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Top Snow and Ice Removal Seminar Speaker Highway & Road Deicer Consultant & Expert Trainer Expert Advice on Pavement Temperature vs. Air Temperature
Typically pavement temperature will move similar to the air temperature and normally with some thermal lag.  The curve usually looks like the following diagram with the air temperature changing often rapidly, while the ground temperature follows.  Some exceptions to this are noted. This is an idealized diagram and it should be noted that several factors can and do significantly affect the pavement vs. air temperature relationship.  The two most significant are subsurface or ground temperature and the presence or lack of solar radiation. The subsurface – if the subsurface is warmer or cooler than the air and pavement it can affect the air-roadway temperature relationship.   Two examples: 1. In the fall, the subsurface is still above freezing when the air temperature is below freezing.  The reason is that often during these conditions, the cooler air temperature cannot remove enough heat from the roadway surface and the subsurface to drop the pavement below freezing.  The pavement is drawing heat from the subsurface. 2. In the late winter or early spring the subsurface temperature is often below freezing while the air temperature is above freezing.  In this case the air cannot transfer enough heat to the pavement to offset the colder subsurface.  This is especially true with the reduction of solar radiation such as cloud cover and/or shading. Solar radiation –The effect of sunshine can significantly affect the pavement temperature depending on the time of year, cloud cover, shading from vegetation, and the color of the roadway surface.  Typically, the darker the roadway surface color the warmer the surface temperature will become.  Without the presence of shade, sunshine at times can raise the pavement temperature significantly above the ambient air temperature. Three examples: 1. In the summer under bright sunshine and no shading pavement temperatures can be much warmer than the air temperature, especially if it is new asphalt and is very dark in color. 2. In the winter, bright sunshine on a pavement surface when the air temperature is slightly lower than freezing can raise the pavement surface temperature to above freezing. 3. In the winter, the angle of the sun and the presence of cloud cover can prevent the sunshine from reaching the roadways surface.  This allows the air temperature to rise while the roadway surface stays cold.  This explains why the air temperature can be above freezing while the roadway surface temperature is at the freezing point of water.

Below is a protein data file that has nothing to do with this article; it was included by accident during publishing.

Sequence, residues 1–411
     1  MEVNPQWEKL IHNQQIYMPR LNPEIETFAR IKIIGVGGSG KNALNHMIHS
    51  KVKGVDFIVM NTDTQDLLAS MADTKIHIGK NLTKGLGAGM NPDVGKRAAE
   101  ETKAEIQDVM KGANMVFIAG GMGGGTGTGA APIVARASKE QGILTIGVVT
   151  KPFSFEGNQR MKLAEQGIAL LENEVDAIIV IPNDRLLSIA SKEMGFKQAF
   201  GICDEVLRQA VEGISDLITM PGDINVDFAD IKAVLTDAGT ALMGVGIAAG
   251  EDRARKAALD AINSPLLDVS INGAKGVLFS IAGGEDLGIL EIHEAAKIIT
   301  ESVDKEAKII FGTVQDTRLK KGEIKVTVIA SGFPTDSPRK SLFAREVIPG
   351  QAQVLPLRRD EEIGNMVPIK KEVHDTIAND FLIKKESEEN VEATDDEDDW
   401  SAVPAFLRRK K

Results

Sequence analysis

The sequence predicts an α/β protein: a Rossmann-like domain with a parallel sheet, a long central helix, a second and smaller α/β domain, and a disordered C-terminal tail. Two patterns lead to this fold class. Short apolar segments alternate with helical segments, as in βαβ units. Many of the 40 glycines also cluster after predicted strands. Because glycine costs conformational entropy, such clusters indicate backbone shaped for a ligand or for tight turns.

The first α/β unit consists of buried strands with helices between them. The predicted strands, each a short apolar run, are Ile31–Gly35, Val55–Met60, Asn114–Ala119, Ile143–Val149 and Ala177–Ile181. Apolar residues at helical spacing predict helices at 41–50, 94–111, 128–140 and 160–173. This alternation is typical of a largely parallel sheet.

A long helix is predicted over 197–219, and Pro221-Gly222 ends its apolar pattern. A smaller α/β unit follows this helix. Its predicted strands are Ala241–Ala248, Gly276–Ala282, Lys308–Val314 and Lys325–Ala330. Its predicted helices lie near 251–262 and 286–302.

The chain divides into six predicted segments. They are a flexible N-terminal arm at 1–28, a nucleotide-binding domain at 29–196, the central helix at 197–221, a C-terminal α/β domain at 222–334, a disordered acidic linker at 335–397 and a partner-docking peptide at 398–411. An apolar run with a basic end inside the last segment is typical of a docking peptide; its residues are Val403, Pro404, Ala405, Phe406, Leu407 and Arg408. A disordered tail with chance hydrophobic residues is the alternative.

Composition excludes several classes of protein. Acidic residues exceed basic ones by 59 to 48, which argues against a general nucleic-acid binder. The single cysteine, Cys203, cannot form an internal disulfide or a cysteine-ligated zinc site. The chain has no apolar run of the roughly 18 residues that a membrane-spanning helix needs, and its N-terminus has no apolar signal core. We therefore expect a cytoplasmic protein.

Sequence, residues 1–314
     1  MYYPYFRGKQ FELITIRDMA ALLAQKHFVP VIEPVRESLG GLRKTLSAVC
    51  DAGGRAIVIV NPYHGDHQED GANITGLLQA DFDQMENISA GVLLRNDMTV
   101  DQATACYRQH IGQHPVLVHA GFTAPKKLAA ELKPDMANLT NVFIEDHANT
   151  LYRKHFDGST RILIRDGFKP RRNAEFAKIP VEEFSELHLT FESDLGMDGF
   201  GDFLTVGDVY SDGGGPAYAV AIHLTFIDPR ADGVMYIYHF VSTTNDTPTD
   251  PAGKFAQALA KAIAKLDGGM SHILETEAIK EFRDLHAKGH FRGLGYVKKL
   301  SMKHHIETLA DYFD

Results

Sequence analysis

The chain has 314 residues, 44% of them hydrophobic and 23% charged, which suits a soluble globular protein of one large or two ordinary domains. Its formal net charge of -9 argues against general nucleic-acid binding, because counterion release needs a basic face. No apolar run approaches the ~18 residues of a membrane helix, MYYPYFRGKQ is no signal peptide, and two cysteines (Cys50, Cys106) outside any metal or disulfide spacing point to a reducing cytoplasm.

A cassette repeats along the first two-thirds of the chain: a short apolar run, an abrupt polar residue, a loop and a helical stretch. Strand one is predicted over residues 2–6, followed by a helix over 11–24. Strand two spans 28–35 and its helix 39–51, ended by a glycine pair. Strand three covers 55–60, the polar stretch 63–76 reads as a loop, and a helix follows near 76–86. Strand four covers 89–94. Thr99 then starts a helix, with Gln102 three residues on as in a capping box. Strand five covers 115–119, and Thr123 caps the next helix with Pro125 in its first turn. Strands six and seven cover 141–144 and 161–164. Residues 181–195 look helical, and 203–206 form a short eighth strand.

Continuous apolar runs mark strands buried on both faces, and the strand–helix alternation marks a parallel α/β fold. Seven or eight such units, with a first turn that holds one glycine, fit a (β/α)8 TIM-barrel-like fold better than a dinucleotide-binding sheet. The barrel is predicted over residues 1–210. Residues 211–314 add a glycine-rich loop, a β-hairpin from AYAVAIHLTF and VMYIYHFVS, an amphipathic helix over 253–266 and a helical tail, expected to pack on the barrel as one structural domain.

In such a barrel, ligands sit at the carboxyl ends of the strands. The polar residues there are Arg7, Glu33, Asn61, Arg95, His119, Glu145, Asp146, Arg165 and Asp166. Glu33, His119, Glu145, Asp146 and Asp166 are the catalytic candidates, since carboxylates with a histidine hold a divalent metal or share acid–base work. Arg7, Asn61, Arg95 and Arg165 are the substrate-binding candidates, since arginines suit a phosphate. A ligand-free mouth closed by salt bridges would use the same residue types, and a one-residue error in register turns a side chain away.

Pavement Temperature vs. Air Temperature by Dale Keep, Highway & Road Deicer Consultant & Expert Trainer